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Antola Natural Regional Park

Founded in 1985, Antola Natural Regional Park (Parco Naturale Regionale dell’Antola) is a protected area located in the Italian region of Liguria between Genoa and Rapallo. There are 43 named mountains in Antola Natural Regional Park. Monte Carmo (1,642 m/5,387 ft) is the highest point in the park while the most prominent mountain in Antola is Monte Antola (1,597 m/5,240 ft).

Antola Natural Regional Park, Italy


Antola Natural Regional Park is situated in the Ligurian Apennines. It is located in the Italian region of Liguria, close to the region’s border with Piedmont to the north and Emilia Romagna to the east.

Antola Natural Regional Park covers 48 sq. km (18.5 sq. mi) of land across the municipalities of Busalla, Crocefieschi, Fascia, Gorreto, Montebruno, Propata, Ronco Scrivia, Rondanina, Savignone, Torriglia, Valbrevenna, and Vobbia.

On a clear day, views from Monte Antola (1,597 m/5,239 ft), which is situated on the ridge connecting the upper Scrivia valley with the upper Trebbia valley, span from the Mediterranean Sea across to the peaks of the northwestern Alps such as Monviso, Monte Rosa, and Mont Blanc.

Antola Natural Regional Park, Italy

Other interesting peaks in the Antola Natural Regional Park include:

  • Monte Carmo (1,642 m/5,387 ft) – The summit of Monte Carmo is the point where the regions of Liguria, Piedmont, and Emilia Romagna meet.
  • Monte Buio 1,402 m/4,600 ft) – Monte Buio is connected to Monte Antola via a short ridge. It overlooks the Vobbia Valley.
  • Rocche del Reopasso (957 m/3,140 ft) – A rocky conglomerate ridge of several peaks and a cave (Tana del Lupo) that is full of stalactites and stalagmites. The peaks of the ridge can be accessed via the Deanna Orlandini via ferrata.
  • Monte Reale (902 m/2,959 ft) – Monte Reale is located on the western side of the park. It is home to the Madonna di Loreto Catholic sanctuary at its summit and offers a beautiful 360-degree panoramic view across the Alps.

Antola Natural Regional Park is home to two valleys: the upper Trebbia Valley and the upper Scrivia Valley. Each valley is home to its namesake river—the Trebbia and the Scrivia, respectively. Both of these rivers are tributaries of the river Po.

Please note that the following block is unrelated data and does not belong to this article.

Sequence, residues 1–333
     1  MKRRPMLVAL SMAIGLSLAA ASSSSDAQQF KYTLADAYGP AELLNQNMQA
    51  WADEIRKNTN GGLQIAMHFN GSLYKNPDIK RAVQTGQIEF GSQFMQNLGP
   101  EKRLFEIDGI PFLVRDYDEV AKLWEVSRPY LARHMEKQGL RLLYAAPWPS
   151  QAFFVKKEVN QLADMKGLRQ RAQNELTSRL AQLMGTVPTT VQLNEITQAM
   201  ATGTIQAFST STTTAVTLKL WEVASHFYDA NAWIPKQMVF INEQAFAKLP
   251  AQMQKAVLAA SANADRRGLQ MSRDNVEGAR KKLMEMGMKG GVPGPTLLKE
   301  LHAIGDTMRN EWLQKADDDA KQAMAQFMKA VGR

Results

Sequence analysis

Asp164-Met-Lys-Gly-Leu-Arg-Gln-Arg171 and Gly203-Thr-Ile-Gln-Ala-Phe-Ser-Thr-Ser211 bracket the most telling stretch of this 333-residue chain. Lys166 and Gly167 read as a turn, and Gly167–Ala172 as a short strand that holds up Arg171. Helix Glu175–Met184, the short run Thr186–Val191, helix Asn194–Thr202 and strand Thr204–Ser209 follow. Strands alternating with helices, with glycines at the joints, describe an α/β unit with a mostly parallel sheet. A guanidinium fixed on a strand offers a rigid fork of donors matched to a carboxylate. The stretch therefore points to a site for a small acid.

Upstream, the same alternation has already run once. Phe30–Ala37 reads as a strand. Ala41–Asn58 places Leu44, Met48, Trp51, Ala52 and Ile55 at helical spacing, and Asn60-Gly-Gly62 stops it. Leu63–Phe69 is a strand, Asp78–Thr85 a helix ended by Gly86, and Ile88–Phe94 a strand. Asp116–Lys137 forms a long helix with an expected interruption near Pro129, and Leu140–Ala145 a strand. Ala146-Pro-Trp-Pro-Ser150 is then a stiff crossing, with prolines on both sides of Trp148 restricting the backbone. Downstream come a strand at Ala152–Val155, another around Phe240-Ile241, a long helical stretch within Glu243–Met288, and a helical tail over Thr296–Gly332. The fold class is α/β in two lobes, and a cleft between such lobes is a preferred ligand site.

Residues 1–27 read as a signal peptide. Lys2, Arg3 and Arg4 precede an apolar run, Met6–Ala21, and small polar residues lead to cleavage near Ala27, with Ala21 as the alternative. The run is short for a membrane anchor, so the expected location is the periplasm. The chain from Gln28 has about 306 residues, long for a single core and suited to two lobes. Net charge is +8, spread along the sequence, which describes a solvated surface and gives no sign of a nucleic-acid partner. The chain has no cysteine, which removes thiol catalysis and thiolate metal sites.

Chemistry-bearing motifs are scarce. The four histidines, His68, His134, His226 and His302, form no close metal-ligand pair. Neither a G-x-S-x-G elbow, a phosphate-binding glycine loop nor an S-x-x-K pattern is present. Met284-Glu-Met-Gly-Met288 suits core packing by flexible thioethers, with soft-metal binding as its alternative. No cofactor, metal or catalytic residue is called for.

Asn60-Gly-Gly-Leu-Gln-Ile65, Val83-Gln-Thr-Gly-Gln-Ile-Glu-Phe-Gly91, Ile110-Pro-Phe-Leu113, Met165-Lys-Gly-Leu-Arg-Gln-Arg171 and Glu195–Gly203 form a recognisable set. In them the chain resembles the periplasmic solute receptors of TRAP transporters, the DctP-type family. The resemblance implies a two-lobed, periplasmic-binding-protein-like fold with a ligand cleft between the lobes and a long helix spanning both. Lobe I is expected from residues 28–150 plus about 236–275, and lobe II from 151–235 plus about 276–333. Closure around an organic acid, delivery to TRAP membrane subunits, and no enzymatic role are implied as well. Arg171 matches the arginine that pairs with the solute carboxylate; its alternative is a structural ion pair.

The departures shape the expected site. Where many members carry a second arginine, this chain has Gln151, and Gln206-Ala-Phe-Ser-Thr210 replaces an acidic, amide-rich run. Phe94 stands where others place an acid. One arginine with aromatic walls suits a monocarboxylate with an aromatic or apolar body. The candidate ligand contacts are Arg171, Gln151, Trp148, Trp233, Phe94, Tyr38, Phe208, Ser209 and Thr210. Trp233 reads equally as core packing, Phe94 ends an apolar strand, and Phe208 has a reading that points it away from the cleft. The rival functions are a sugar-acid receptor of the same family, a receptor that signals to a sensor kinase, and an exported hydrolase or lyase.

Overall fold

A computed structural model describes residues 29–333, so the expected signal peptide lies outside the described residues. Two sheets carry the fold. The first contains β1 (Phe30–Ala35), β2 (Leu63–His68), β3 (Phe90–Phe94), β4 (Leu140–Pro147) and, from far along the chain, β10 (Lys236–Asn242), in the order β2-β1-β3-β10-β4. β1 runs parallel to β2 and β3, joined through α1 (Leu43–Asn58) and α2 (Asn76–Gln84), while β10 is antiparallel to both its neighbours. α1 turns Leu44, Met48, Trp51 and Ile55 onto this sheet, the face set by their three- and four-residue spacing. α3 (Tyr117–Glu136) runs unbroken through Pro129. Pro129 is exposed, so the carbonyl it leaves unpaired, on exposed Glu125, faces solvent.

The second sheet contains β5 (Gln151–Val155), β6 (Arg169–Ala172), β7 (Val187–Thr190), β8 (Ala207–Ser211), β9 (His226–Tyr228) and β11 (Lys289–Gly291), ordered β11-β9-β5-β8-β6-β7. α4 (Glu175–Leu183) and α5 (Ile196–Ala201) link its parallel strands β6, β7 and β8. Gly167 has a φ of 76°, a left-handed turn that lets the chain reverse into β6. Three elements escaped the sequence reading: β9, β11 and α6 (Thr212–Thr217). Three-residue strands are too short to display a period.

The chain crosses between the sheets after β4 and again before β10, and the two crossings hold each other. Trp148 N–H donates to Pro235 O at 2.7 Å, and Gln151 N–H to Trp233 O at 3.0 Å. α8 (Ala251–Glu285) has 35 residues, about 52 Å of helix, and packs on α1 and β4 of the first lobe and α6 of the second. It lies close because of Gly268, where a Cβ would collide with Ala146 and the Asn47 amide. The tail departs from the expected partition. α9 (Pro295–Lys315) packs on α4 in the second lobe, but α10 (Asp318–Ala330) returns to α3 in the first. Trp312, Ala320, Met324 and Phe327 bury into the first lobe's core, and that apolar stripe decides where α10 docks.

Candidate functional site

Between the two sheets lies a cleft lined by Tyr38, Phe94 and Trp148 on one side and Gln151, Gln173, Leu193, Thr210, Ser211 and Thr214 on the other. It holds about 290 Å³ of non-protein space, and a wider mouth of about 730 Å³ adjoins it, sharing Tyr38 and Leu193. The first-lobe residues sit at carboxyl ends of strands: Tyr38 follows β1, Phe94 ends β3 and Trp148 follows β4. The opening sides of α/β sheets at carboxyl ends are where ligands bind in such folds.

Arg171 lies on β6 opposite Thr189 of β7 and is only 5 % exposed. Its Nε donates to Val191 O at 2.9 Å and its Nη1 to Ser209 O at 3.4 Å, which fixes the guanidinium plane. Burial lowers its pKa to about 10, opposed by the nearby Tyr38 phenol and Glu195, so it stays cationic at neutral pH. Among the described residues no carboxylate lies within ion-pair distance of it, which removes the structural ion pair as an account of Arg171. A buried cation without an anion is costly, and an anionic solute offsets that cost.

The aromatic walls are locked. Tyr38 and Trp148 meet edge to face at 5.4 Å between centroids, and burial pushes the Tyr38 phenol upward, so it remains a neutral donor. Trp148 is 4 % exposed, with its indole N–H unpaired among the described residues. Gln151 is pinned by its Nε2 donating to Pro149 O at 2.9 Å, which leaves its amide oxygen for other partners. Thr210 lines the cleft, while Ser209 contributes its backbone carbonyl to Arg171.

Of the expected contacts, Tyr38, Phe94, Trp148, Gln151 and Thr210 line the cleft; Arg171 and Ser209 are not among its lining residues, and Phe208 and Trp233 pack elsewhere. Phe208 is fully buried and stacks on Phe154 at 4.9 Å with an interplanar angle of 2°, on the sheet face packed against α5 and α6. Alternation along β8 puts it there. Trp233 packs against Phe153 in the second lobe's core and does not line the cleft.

Antola Natural Regional Park is characterized by two main rock formations: conglomerate, and Monte Antola’s marly limestone.

The park’s conglomerates are seen in its steep rocky slopes, canyons, and rocky towers. It is best seen in the Vobbia Valley by the Rocche del Reopasso, as well as in caves formed by cavities in the conglomerate.

Antola Natural Regional Park, Italy

This conglomerate consists of outcrops of marine sediment that date back around 30 million years ago to the Oligocene epoch. The conglomerate consists of rounded pebbles that are mainly made up of calcareous-marl.

Meanwhile, the limestone of Monte Antola dates back to around 90 and 55 million years ago and consists of alternating layers of varying thickness interspersed with clays and sandstones. Deep sea fossils have been found within these limestone layers.

The limestone of Monte Antola is characterized by gentle slopes. It is also seen along the coast between Chiavari and Genoa, as well as in the Portofino Natural Regional Park, where its fractured and folded layers can be seen from the sea.


Due to its proximity to the coast, Antola Natural Regional Park is a particularly biodiverse place. The park consists of a huge variety of different environments, including mountainous peaks, panoramic valleys, and streams. It also features chestnut, oak, and beech woodlands that give way to open pastures, rocky ridges, and rugged slopes.

The number of environments and microclimates in the park allow for a huge variety of plant species such as daffodils, orchids, gentians, lilies, buttercups, and columbines.

The Antola Natural Regional Park is also home to 20 rare Ligurian or endemic species such as the dark vanilla orchid, plum iris, dragon’s teeth, marsh helleborine, mountain arnica, elder-flowered orchid, and northern firmoss.

The Antola Natural Regional Park is also home to plenty of fauna, including wild boar, roe deer, and 16 different species of bat. Fallow deer have colonized the Brugneto and surrounding valleys and have even become an attraction for tourists.

Wolves have also made the Antola Natural Regional Park their home. The park even features a visitor center, Il Lupo in Liguria, which offers an interactive experience to teach visitors about wolf behavior, monitoring techniques, and conservation. It also offers up-to-date data on the presence of wolves in Liguria.

Antola Natural Regional Park, Italy

Additionally, bird watchers in the park might spot the green European woodpecker, common woodpecker, red-legged partridge, and peregrine falcon.

There are also around 780 different species of insects and moths in the park. The sheer number of insects found in the region is one of the reasons why Antola Natural Regional Park is sometimes referred to as the “butterfly park.” In fact, it is one of the prime butterfly conservation areas in Europe.

Human History

Antola Natural Regional Park is located at a historic crossroads between the coast in Liguria and the interior regions of Piedmont and Emilia Romagna. The ancient mule tracks and paths in the region were once trodden by merchants and travelers who exchanged goods between the regions, such as the salt brought in from the coast.